It is not unusual to consider a refinance or home equity line of credit at this time of the year. This is when all those bills come due from the holidays during the last two months. What is unusual is that today’s interest rates are near their all time low and are incredibly attractive. So, what is better: to refinance or to struggle to pay the bills with cash available?
If your credit cards have high balances and high interest rates, it can make sense to do a debt consolidation refinance of your home. It is very important to remember, that if you do so, you will have a higher home loan balance, possibly a higher monthly payment and no home equity to use later. If you have enough cash available to pay down or pay off your credit card balances, it may make more sense than to refinance. Get straightforward answers to when to refinance. Visit Homerefinetwork.com and be connected to an experienced mortgage professional who can answer your mortgage finance questions, giving you several options, so you can make your own INFORMED decisions about when to refinance.
A little information now, may help you decide what you want to consider. Here are some popular types of financing used to pay off overwhelming debt.
- A Consumer Loan. A consumer loan is not collateralized. There is no lien placed on your home as a result of taking out a personal or consumer loan. Since the loan is not collateralized, the risk of default is higher, so the interest rate on a consumer loan is generally higher than a home equity line of credit or a mortgage loan interest rate.
- HELOC. A HELOC (Home Equity Line of Credit) is collateralized by another lien on your home, even if the bank issues you a “debit card” to use to access your line of credit. You pay interest only on the amount you use, but because the line of credit is backed by your home, the interest rate is usually lower than a standard credit card. It is important to note that the interest rate on a HELOC is usually adjustable, and the monthly payments vary, based on use of your line of credit. Interest rates on a HELOC are generally lower than interest rates on a consumer loan but higher than interest rates on a first lien position home mortgage loan. A HELOC can be great for paying off high interest rate credit balances from home improvement or appliance purchases etc. but are not good to use for shopping excursions, because using the credit limit on your home equity line of credit reduces the equity you have in your home, which reduces your personal wealth. The situation is different If you are already carrying the debt, and are struggling to repay. In that case, a home equity line of credit can give you the breathing room you need, by basically transferring your debt balances to a lower interest based credit line with a more manageable monthly payment.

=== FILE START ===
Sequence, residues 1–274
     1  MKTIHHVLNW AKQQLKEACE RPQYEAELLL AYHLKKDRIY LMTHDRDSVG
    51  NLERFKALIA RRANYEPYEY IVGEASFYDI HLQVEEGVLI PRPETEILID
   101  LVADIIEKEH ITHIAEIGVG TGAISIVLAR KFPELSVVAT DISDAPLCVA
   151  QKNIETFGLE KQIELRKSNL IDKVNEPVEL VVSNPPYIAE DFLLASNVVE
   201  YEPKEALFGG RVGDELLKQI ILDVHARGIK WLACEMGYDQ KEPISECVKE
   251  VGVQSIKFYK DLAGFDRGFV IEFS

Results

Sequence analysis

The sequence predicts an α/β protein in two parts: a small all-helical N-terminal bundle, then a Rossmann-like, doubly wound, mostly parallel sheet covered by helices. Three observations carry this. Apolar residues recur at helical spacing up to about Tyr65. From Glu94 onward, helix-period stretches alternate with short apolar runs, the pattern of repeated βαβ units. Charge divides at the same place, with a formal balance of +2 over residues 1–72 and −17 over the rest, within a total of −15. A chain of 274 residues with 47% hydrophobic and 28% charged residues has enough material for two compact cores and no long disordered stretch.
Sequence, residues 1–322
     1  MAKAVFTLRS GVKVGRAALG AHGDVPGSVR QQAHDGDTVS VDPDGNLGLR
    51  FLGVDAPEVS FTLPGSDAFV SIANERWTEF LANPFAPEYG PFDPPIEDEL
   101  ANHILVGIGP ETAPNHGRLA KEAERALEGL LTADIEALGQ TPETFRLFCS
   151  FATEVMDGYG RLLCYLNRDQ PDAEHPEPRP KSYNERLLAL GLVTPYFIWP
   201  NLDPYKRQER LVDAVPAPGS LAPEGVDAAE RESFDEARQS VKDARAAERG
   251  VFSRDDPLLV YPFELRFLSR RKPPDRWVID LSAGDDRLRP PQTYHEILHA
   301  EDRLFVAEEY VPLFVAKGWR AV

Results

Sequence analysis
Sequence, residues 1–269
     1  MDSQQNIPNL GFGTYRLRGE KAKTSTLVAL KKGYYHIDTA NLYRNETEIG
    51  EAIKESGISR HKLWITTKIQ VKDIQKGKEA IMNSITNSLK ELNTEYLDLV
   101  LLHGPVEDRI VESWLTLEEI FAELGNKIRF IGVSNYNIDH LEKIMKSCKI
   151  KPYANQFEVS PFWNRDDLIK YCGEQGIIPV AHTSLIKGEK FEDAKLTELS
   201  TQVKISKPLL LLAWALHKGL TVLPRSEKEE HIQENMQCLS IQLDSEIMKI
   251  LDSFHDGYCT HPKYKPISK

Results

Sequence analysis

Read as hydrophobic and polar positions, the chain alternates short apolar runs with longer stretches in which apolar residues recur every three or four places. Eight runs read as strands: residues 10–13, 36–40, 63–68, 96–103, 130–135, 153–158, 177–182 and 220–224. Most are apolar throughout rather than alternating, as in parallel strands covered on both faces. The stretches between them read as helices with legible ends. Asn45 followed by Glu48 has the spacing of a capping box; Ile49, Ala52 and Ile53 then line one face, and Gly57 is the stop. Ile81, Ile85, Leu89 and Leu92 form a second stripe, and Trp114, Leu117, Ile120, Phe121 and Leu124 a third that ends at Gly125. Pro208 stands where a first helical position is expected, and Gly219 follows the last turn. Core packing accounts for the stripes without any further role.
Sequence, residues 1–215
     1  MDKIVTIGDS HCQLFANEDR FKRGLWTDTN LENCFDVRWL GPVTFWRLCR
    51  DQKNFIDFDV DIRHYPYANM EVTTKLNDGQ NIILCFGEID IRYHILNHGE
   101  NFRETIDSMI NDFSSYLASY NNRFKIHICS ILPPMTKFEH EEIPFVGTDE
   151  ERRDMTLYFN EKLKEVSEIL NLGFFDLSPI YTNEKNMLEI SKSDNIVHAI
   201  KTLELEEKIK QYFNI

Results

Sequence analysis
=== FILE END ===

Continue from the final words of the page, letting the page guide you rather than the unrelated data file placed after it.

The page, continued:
- Second Mortgage. If you are facing uncontrollable debt, you may need to consider taking out another mortgage on your home. Like the HELOC, a second mortgage is collateralized by your home. It places another mortgage lien behind your first mortgage lien. Unlike the HELOC, a second mortgage is a set amount, with set monthly payments and usually a fixed rate of interest. You pay interest on the entire amount of the second mortgage, so only take out what you feel you need, to pay off your debt.
- Home mortgage refinance. When you refinance your home mortgage, you are taking out a new mortgage, which pays off the former mortgage or mortgages. A debt consolidation home loan refinance will pay off existing mortgages, as well as other debt. The advantage of refinancing is that you will still have just this one mortgage payment, at a lower rate than credit cards. The disadvantage is that you just extended your repayment period and have used up the equity on your home. That means it may not be available to you if you are back in debt next year.
Your monthly payment may actually go down when you refinance your mortgage, so if you are looking to make your monthly payments more manageable, the extra time to pay off the mortgage could work in your favor. You will still use up more of the equity in your home, but if you are running short of funds before your monthly bills are paid, equity may not be the highest priority.